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Net neutrality 2.0

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Now that the Federal Communications Commission is back up to its full complement of commissioners, the telecommunications policy world can get on with the real business of fighting over net neutrality.

The D.C. Circuit court, which has been considering Verizon’s challenge to the FCC’s net neutrality rules, is expected to issue its ruling sometime this month or next. However it comes out, though, the ruling will only be the official opening bell for the policy scramble and political battle that will surely follow.

Key players, in fact, are already gearing up. On Tuesday the House Energy and Commerce Committee announced plans for a major overhaul of the Communications Act, which, among other things, provides the statutory foundation to the FCC’s regulatory authority. The Act, which dates to 1934, was last updated in 1996, a time when, as Communications and Technology subcommittee chairman Greg Walden (R-OR) put it, “56 kilobits per second via dial-up modem was state of the art.”

Although the committee didn’t say as much in its announcement (made via Google Plus Hangout), the FCC’s net neutrality rules have been in the cross-hairs of the Republican-controlled House since they took effect and are likely to be a top agenda-item for the committee as it undertakes the overhaul (a process that is expected to take several years). The GOP members of the committee were joined at the announcement, in fact, by former FCC commissioner Robert McDowell, who has been a vocal critic of the rules and voted against them while at the agency.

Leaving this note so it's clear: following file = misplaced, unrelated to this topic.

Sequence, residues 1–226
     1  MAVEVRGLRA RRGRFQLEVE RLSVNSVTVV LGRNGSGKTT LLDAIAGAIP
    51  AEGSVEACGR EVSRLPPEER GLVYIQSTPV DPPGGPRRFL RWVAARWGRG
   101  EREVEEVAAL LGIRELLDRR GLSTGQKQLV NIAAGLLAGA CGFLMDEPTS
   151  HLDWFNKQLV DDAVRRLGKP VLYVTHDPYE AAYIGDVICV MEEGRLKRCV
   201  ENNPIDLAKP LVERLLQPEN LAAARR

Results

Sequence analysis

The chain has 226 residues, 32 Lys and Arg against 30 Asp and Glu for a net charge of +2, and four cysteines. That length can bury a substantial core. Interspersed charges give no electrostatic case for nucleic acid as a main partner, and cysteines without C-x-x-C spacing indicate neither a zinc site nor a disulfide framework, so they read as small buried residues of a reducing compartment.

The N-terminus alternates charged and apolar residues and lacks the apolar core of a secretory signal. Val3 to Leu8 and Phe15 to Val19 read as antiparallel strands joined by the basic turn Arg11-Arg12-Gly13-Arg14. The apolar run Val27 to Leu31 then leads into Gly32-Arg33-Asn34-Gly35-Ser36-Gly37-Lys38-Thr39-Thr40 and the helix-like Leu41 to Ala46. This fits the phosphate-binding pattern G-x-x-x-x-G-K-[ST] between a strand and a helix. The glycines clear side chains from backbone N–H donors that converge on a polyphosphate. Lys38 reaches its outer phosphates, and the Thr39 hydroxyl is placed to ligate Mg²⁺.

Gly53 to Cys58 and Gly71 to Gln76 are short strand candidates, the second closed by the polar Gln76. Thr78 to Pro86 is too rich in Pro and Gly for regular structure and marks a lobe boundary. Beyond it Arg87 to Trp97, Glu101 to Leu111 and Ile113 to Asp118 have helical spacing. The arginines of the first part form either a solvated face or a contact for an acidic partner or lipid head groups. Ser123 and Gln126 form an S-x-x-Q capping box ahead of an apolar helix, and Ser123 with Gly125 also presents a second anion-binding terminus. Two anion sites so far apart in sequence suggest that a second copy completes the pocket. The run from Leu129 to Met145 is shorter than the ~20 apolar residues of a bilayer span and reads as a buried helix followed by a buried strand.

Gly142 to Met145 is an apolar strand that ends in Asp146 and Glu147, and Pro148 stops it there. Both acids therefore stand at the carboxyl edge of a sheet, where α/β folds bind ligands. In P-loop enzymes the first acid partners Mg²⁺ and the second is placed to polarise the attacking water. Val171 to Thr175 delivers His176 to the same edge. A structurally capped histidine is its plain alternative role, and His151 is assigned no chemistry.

Over in the Democratic-controlled Senate, meanwhile, Commerce Committee chairman Jay Rockefeller (D-WV) recently introduced a bill that would, in effect, extend net neutrality’s anti-discrimination principle to interconnection points between network operators, rather than merely to last-mile ISPs. That idea is almost certainly a non-starter in the GOP House, but the conflicting legislative priorities illustrates the deep divisions in Congress over the issue.

New FCC chairman Tom Wheeler, meanwhile, managed to spook net neutrality proponents Monday in his first extended public comments since taking over the agency. Wheeler paid lip service to the net neutrality rules in his prepared remarks, noting “the right of access [to the network] also means the ability of users to access all lawful content on a network.” But in response to a question regarding usage-based pricing and data caps following his speech, he appeared to endorse pay-to-play fast lanes on the internet, which the current rules discourage.

“I think that we’re seeing the market evolve in such a way that there will be variations in pricing, there will be variations in service and, as I said, I’m a firm believer in the market,” he said. But, he added, “I think we’re also going to see a two-sided market where Netflix might say ‘well, I’ll pay in order to make sure that you might receive, my subscriber might receive, the best possible transmission of this movie.’  I think we want to let those kinds of things evolve.”

Here we go…